Log-reduction in Water Treatment

The log-reduction terminology was developed by engineers as a way to express levels of decreased biological contamination in water by factors of 10 that could be easily converted to percent reduction. The most commonly used logarithmic base is 10 because it is compatible with our base-10 decimal system. The log of 10 in the base 10 logarithmic system is 1 and the log of 100 is 2, with the log of 1000 being 3, etc.

Log reduction relates to the percentage of microorganisms physically removed or inactivated by a given process.

  • 1-log reduction = 90%
  • 2-log reduction = 99%
  • 3-log reduction = 99.9%
  • 4-log reduction = 99.99%

How is this rule applied for public health? Short of being an engineer, there are some very practical reasons for such a complicated contaminant removal system. The EPA has determined that the presence of microbiological pathogens in public water supplies is a health concern. If finished water supplies contain microbiological contaminants, illnesses and disease outbreaks may result. Twelve waterborne cryptosporidiosis outbreaks caused by contamination in public water systems were reported to the Center for Disease Control and Prevention between 1984 and 1998. In 1993, Cryptosporidium caused more than 400,000 people in Milwaukee, WI, to experience intestinal illness. More than 4,000 were hospitalized and at least 50 deaths were attributed to this cryptosporidiosis outbreak. Other recent cryptosporidiosis outbreaks attributable to public water system contamination occurred in Nevada, Oregon, and Georgia. The Interim Enhanced Surface Water Treatment Rule (IESWTR) set enforceable drinking water treatment technique requirements to reduce the risk of Cryptosporidium from surface water for systems serving at least 10,000 persons.

The LT1ESWTR extends further this necessary protection from Cryptosporidium to communities of fewer than 10,000 persons. Today's rule for the first time establishes Cryptosporidium control requirements for systems serving less than 10,000 persons by requiring a minimum 2-log removal for Cryptosporidium. The rule also strengthens filter performance requirements to ensure 2-log Cryptosporidium removal, establishes individual filter monitoring to minimize poor performance in individual units, includes Cryptosporidium in the definition of GWUDI, and explicitly considers unfiltered system watershed control provisions. The rule also reflects a commitment to the importance of maintaining existing levels of microbial protection in public water systems as plants take steps to comply with newly applicable DBP standards.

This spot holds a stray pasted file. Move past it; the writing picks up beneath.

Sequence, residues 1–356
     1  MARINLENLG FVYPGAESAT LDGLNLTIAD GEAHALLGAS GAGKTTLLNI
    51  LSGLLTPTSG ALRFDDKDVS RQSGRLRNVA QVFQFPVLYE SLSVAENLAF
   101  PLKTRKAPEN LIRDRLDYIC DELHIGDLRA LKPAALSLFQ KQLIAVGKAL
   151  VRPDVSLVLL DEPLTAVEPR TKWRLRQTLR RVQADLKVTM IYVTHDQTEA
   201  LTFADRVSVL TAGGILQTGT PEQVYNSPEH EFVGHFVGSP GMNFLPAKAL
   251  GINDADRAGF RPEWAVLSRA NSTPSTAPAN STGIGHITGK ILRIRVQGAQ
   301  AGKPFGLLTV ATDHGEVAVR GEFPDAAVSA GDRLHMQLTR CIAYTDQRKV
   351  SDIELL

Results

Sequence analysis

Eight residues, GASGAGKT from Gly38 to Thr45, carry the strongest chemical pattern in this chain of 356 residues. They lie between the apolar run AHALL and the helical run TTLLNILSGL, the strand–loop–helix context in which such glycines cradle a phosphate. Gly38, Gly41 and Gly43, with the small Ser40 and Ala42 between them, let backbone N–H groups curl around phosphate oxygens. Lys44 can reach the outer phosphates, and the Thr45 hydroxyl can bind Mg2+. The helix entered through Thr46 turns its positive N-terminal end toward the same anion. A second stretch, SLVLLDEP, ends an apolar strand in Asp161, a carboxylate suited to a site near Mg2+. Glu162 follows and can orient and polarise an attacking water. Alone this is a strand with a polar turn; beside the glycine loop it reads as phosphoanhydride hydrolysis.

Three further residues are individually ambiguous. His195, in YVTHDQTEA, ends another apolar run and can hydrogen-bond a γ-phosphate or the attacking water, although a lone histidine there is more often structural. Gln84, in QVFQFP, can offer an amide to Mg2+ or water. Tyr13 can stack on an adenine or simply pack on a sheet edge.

Systems considering significant changes to their disinfection practices must first evaluate current levels of Giardia inactivation (and virus inactivation if applicable) and consult with their state primacy agency for approval before implementing those changes. Thus, compliance with the provisions of the rule will improve public health protection by reducing the risk of exposure to Cryptosporidium in small systems serving fewer than 10,000 people even as those systems begin to take steps to comply with related DBP standards.

What are the monitoring provisions?

A groundwater system is subject to test if it does not already provide treatment to remove 99.99 percent (4-log) of viruses. If a system receives notice of positive coliform distribution it must take a source water sample within 24 hours. The system will not have to take a sample test if the state can determine that the source of coliform was an issue with the distribution system and not the water source. If any samples show fecal indications, the system must collect an additional five repeat water samples over the next 24 hours.

Compliance monitoring ensures that Ground Water Sources provide at least 4-log treatment of viruses using chemical disinfection, membrane filtration, or state-approved treatment technology and are effectively achieving this level of treatment. During the process of treating viruses, other chemicals such as chlorine may be added to water to rid of these viruses. This may not make us sick immediately as a virus would but over time these chemicals are not good for our body either. To protect yourself and your family even further, point-of-use water filtration systems are used to remove all types of contaminants from your drinking water. Since drinking water is the key component in the overall functioning of our body and it makes sense that the quality of the water should be just as important as the quantity. Therefore, we hope your drinking water can be free of contaminants to ensure proper health and wellness. Here’s to making healthy drinking water a habit in our daily lives!

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